Eliette Mouret was born in Mollans-sur-Ouvèz. She enjoyed a carefree childhood growing up in Provence before being discovered by Christian Dior when she was just 19 years old. This laid the foundation for an international modelling career. Engagements soon followed in fashion capitals around the world and photographic shoots with the most famous photographers in Paris, Rome and London.
But the world of fashion and a life of fame and glamour was not enough in the long term. Always on the lookout for new challenges, Eliette used her time in London to learn languages and enrolled in an art academy. She had always been fascinated by the beauty of fine art and, in painting, she discovered wonderful opportunities for unlimited expression in a multitude of ways.
Herbert von Karajan and Eliette Mouret met in Saint-Tropez. A short time later their paths crossed again in London and more and more often after that. They got married on 6 October 1958. In 1960, their first daughter, Isabel, was born, followed in 1964 by the birth of another daughter, Arabel.
Throughout their marriage, Eliette von Karajan undertook what might be called social obligations alongside her famous husband - often no easy task beside a world-renowned conductor. But Eliette von Karajan fulfilled these obligations admirably and quickly established her own position in all social circles, from art and culture to industry, science and politics. At the same, time she devoted herself enthusiastically to her great passion - painting.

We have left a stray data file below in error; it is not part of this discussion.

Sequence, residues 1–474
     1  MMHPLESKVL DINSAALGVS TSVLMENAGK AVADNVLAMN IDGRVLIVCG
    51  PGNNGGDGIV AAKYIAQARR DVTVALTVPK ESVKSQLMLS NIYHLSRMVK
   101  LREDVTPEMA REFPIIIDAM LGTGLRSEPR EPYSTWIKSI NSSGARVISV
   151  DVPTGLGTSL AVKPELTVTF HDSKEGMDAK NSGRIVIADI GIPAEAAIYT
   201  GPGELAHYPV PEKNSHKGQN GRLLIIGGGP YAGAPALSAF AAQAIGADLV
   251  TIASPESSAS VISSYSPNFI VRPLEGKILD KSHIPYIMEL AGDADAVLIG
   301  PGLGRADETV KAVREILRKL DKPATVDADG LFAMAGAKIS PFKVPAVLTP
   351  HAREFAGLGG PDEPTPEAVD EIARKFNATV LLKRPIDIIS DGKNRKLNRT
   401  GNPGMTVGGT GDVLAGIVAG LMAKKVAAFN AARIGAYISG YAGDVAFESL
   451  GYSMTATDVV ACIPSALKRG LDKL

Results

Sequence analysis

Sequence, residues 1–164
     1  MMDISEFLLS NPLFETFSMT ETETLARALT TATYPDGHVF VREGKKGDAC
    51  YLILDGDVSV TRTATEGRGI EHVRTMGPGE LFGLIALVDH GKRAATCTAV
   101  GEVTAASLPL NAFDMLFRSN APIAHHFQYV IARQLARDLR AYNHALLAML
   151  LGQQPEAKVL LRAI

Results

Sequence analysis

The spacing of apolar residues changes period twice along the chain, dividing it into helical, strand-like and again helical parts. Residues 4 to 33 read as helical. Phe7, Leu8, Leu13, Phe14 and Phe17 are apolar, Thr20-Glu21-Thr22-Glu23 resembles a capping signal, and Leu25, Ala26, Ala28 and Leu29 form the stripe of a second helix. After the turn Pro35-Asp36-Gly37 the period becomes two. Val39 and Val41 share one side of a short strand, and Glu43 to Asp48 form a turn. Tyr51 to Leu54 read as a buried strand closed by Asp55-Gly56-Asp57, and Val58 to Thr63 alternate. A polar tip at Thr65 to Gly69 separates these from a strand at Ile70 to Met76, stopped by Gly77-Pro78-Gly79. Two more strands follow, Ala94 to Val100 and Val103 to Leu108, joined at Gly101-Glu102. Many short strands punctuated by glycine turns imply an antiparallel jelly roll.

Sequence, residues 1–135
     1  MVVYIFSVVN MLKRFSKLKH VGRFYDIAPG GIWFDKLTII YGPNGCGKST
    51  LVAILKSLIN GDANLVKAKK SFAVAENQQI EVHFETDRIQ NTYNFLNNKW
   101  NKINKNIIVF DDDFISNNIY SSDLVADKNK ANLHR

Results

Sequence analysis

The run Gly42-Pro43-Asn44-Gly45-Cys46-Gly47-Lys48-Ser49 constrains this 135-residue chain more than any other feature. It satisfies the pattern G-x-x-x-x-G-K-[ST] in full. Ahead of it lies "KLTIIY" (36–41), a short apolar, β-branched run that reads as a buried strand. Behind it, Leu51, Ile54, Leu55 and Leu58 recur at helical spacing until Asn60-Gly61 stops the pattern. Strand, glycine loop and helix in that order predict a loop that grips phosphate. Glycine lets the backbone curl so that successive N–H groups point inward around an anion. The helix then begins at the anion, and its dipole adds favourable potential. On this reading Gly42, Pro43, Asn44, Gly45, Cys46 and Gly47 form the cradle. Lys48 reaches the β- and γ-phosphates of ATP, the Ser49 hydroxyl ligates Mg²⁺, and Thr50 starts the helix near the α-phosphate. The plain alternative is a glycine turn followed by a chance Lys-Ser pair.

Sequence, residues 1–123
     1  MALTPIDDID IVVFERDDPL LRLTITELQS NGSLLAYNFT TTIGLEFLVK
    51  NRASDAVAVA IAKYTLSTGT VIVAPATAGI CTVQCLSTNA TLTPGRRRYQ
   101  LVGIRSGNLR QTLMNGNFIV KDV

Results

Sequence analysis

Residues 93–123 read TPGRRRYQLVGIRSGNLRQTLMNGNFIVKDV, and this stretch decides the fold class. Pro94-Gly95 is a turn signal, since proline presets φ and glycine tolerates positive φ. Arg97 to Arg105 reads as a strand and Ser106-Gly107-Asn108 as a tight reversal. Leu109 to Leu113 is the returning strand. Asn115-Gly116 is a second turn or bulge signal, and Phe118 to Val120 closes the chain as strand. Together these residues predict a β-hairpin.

Since the death of Herbert von Karajan in July 1989, Eliette von Karajan has made it her lifes work to maintain and continue her husbands musical legacy. With the founding of the Herbert von Karajan Centre in Vienna, now situated in Salzburg and known as the Eliette and Herbert von Karajan Institute, she created a cultural memorial dedicated to Herbert von Karajan that has established itself during the years of its existence as an essential part of the local cultural scene. Her numerous projects, focusing particularly on the development of young people, and her engagement as patron of the Salzburg Easter Festival mean that Eliette von Karajan is ensuring that her husbands work is still heard long after his death and that it also remains alive for generations to come.